On making paper and writing letters

The Papermaker is a short documentary about Gangolf Ulbricht, one of the last handcrafting papermakers in Europe. He "makes unique tree- free papers by hand for international artists, conservators, photographers, printers and many more.

He learned his uniqe craft in Germany, Japan, France and England" (via). 

Paper has character. You can tell from the product whether there are things going on beneath the surface . . . paper can have the power of life and death. Paper can be the bearer of emotions. A love letter comes to mind.

Author Simon Garfield says that the art of letter writing is dying, and for obvious reasons: Email. Email has transformed our world, making communicating much faster, much easier, and much more efficient. But what these emails lack, according to Garfield, is depth and emotion. They tend to be much more factual and functional, rather than personal. We read, write, send, then move on and read, write, send – quickly forgetting what we read, wrote, and sent.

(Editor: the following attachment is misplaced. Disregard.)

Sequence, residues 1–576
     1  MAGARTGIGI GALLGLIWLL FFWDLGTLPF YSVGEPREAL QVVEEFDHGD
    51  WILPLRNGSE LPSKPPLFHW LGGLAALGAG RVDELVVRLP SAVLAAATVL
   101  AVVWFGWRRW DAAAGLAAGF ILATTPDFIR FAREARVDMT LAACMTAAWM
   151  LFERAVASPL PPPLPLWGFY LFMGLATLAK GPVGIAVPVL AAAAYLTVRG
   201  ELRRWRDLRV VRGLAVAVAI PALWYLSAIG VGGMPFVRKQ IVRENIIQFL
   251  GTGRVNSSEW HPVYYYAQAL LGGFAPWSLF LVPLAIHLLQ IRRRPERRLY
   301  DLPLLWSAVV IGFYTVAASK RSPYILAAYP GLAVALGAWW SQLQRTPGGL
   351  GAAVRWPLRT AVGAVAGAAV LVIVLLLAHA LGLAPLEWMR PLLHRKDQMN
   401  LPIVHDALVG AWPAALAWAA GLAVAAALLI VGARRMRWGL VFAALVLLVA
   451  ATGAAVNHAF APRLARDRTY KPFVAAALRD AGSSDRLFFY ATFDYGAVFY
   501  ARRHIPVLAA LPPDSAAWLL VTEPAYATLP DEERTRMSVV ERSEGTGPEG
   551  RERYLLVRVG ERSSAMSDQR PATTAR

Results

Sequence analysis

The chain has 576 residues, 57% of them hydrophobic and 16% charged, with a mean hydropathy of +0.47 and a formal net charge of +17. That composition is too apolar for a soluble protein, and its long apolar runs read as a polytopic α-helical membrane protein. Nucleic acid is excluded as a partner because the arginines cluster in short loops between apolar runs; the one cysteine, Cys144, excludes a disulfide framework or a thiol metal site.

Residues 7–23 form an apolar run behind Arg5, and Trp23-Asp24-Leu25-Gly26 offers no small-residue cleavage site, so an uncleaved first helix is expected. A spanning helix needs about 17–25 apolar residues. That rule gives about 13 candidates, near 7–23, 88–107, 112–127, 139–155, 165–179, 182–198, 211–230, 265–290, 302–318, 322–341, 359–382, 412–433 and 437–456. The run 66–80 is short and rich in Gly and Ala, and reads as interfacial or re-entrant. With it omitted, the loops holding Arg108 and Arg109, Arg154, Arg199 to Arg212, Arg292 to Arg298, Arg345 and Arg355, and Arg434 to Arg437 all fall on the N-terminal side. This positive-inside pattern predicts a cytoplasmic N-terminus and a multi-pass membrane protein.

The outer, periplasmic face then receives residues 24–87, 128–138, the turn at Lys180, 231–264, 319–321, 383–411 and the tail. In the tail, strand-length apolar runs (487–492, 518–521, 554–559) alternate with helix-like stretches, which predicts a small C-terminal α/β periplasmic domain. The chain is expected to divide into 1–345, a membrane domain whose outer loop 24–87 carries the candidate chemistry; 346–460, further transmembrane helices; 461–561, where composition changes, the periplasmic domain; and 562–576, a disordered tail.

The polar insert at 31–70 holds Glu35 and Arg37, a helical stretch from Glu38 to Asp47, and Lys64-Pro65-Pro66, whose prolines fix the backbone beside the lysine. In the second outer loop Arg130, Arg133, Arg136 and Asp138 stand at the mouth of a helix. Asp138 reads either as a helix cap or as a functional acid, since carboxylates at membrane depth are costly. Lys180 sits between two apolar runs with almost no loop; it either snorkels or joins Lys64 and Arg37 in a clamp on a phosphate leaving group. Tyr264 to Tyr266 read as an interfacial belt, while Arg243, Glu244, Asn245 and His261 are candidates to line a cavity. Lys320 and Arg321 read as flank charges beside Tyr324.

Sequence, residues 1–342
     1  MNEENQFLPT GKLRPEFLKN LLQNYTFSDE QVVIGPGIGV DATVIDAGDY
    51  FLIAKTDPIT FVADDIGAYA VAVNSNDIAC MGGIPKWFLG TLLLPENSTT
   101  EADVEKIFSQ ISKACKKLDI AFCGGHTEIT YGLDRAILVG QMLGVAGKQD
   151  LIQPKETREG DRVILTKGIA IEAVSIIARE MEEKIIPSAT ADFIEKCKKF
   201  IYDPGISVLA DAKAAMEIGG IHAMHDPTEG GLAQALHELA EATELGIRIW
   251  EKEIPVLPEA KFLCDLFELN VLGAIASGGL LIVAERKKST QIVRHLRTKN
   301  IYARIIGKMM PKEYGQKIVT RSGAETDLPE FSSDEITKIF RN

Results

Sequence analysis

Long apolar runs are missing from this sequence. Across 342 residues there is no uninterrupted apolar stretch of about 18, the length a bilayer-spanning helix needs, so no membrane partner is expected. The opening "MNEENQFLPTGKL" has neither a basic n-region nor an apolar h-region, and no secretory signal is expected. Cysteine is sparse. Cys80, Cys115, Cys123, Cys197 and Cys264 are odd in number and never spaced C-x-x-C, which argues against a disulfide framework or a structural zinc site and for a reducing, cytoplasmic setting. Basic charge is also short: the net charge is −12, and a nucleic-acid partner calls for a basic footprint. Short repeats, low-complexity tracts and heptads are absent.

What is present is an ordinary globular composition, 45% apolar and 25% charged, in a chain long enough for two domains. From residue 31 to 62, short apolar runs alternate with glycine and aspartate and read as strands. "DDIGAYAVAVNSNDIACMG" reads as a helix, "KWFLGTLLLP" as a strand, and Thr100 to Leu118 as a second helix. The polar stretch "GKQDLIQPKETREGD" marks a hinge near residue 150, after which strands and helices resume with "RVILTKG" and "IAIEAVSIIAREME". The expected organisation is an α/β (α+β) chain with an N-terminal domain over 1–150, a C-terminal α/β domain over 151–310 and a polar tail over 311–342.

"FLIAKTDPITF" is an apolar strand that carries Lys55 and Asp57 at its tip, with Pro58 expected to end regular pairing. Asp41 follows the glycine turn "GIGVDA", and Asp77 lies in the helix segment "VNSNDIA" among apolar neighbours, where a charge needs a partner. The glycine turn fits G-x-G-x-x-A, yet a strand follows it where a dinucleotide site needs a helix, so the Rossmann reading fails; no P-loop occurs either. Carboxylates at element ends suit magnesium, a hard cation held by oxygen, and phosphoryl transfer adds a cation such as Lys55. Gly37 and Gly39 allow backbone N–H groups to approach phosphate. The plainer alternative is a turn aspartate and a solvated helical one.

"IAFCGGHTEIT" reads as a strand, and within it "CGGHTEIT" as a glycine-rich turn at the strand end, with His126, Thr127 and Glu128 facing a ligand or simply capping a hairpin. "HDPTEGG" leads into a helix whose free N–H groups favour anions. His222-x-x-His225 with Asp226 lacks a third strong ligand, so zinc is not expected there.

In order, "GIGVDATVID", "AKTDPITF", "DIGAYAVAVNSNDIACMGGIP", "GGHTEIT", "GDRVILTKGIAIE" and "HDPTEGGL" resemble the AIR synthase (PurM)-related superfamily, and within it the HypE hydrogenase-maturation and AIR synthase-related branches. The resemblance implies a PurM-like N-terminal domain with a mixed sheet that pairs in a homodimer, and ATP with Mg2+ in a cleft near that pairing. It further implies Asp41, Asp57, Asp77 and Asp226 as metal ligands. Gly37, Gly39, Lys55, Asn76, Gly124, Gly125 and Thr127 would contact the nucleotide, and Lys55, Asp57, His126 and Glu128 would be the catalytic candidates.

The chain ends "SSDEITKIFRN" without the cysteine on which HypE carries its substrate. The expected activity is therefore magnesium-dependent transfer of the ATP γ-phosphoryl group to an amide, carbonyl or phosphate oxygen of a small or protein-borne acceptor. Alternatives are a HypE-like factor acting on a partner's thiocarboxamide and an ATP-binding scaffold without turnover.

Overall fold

Letters, however, take time. And not just to write, but the whole process. There’s the finding of the address, writing it out, finding a stamp, stamping it, then getting the letter to the mailbox. All the while, we could have written over a dozen emails. Emails that, over the course of just a few hours, will have been lost in the shuffle, deleted, or ignored.

I could possibly say the same for journals. When I used to keep an actual paper journal, I did a lot more doodling, more comic style writing (I'm in no way an artist, but I would feel the freedom to try, because who would know?). But then I would forget the journal on a plane, in a taxi, or wherever else journals are forgotten. That's even why I started blogging, which I've learned to truly enjoy, but still. Something personal seems to be lost. 

Letters though, good thought provoking and sincere letter make an impact and are not easily forgotten. They are personal and a physical manifestation of how much someone means to you. Which is why they are found pinned to caulk boards or placed carefully inside our favorite books, so that they can come back to life, over and over again.

Just like Gangolf Ulbricht's paper.

For more on . . .

-N- Stuff  : On Writing  :  Open Thoughts